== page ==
Clyde Minaret

Minarets from near Ediza

Minarets from near Ediza


I was feeling down on the Sierra after two days climbing lackluster peaks, and I needed something to cheer me up. The Challenge peak of the day was Mount Bartholomew, an apparent talus-heap west of the Minarets, reached by much dusty trail through the woods from Devil’s Postpile. I hear it turned out to be reasonably fun, and to have good views, but a group including Renée and JD was going to the nearby Minarets, and I had unfinished business in that small group of jagged summits.

Sunset on the Minarets, Ritter, and Banner

Sunset on the Minarets, Ritter, and Banner

I normally camp near Minaret Vista for cool air and fewer bugs, but it actually seemed to get colder as I drove down the one lane road to Agnew Meadows. Once I figured out the confusing mess of parking lots, I quickly found JD and Robert but, as our 6:00 start time approached, I saw no sign of Renée. While the others started out up the trench of dust and horse manure, I located Renée and Chris in one of the other lots, then stood around getting cold while they got ready. (They were coming off a 12-hour day and a long drive.)

Near base of route

Near base of route

We finally got started a bit after 6:30. I normally start the day walking, but they’re both runners (Chris is a pro), so we jogged the trench, catching JD and the rest between Shadow and Ediza Lakes. With horses not allowed past Ediza, the trail dramatically improves, and I enjoyed the alpine views as we hiked the sort-of trail past Iceberg to Cecile Lake, where we met James and his friend, whom I did not know.

Chris on Starr Route

Chris on Starr Route

Together, the group of seven swarmed up the slabs and turf to the base of the Rock Route on the right side of Clyde’s east face. Sensing the potential for rockfall, and not having helmets, Chris and I peeled off to the neighboring Starr Route, which is slightly stiffer class 4, but with less loose rock and more fun. I was worried about climbing with only 1.5 hands (broken 4th metacarpal), but after a bit of adjustment I found that I could use my partial right hand for balance and figure out a sequence of left-handed moves.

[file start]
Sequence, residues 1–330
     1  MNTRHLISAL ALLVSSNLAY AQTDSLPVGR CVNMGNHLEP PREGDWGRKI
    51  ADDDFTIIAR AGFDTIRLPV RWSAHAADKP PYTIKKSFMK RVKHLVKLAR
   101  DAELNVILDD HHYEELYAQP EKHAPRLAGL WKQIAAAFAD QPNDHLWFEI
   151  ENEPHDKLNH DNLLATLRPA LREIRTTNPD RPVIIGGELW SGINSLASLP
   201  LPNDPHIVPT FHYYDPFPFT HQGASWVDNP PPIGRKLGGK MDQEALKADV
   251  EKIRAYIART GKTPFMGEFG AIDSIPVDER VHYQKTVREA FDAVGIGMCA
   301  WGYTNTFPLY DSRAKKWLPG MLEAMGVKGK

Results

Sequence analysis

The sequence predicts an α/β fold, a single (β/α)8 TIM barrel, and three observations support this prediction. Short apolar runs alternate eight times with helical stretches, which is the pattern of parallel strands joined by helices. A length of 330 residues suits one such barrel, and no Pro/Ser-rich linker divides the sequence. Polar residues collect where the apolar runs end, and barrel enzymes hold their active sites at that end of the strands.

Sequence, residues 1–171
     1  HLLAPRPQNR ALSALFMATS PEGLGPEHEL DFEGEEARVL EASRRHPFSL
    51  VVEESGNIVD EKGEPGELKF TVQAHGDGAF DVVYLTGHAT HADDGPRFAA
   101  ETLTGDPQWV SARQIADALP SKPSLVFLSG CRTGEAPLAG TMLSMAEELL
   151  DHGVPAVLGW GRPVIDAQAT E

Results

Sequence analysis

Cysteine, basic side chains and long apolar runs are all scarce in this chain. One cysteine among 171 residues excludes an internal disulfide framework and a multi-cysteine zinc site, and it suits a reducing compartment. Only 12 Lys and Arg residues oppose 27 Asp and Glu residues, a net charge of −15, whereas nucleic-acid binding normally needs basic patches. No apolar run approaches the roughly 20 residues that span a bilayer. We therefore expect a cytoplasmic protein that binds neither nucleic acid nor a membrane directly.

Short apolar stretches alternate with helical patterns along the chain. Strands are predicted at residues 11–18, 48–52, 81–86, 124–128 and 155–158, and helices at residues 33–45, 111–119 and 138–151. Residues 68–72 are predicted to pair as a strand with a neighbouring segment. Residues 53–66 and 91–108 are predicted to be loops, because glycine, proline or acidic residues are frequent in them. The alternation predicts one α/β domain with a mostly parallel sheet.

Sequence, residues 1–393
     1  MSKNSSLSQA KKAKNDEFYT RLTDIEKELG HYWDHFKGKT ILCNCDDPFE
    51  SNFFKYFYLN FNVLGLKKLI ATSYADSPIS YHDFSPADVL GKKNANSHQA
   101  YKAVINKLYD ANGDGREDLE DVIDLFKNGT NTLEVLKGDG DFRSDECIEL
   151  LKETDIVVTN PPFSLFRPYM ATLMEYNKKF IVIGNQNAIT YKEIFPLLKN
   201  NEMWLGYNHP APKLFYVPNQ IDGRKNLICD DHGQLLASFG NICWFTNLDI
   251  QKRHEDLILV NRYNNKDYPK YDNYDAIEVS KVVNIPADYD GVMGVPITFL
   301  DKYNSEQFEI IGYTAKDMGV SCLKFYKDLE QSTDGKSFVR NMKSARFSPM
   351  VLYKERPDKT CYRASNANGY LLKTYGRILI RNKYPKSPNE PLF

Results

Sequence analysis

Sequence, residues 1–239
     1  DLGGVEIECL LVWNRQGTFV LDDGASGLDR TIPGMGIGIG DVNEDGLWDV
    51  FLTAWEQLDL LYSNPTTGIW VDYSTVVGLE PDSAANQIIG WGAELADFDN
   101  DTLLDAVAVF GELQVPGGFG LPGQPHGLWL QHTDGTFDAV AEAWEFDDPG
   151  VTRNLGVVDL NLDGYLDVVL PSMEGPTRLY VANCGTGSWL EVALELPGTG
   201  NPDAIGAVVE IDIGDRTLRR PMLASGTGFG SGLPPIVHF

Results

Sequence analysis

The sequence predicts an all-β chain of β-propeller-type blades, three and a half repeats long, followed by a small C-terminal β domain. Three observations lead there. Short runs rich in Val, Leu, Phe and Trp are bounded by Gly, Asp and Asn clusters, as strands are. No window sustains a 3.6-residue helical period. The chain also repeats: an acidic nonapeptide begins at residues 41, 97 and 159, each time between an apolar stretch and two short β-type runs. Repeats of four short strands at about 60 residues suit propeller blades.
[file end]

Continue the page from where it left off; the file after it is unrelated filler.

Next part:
Michael and Eichorn

Michael and Eichorn

We topped out slightly ahead of the others, finding Loren waiting just below the ridge headwall. He had started off on-time and running fast, and is a strong climber, so I’m not sure why he waited. Anyways, I found a workable variant left of the (standard?) chockstone chimney, and popped over the ridge to a spectacular view of Michael Minaret, my original goal for the day. The rest of the group made its way down the crux step piecemeal, and eventually the eight of us assembled on Clyde’s summit.

Junction of Rock and Starr Routes

Junction of Rock and Starr Routes

It was just after noon by the time the photos and hijinks were done. I remembered the traverse to Eichorn taking awhile with both hands some years ago, and Michael is farther still, so even if I could manage it in my current state (right hand uphill on the way out), it would be a long day. Lazy and pathetic, I retreated down the Rock Route, which was loose and a bit unnerving with so many people.

Things became more pleasant as we reached the slabs and trail, then started jogging near Iceberg Lake. Chris set a moderate pace that was probably frustrating for him, and we were making good time eating up the awful miles back to Agnew Meadows. Unfortunately, right as we reached the climb out of the valley toward the meadow, we came upon a large pack train. “You’ll have to stay behind us until the top of the hill,” we were sternly told. So we did, walking slowly up a trench full of sand and pulverized manure, dodging fresh piles of the same and a bonus lake of piss. Irritation fueled me enough to jog the rest of the way, thinking about negative externalities and the futility of trying to ban livestock from our National Parks.

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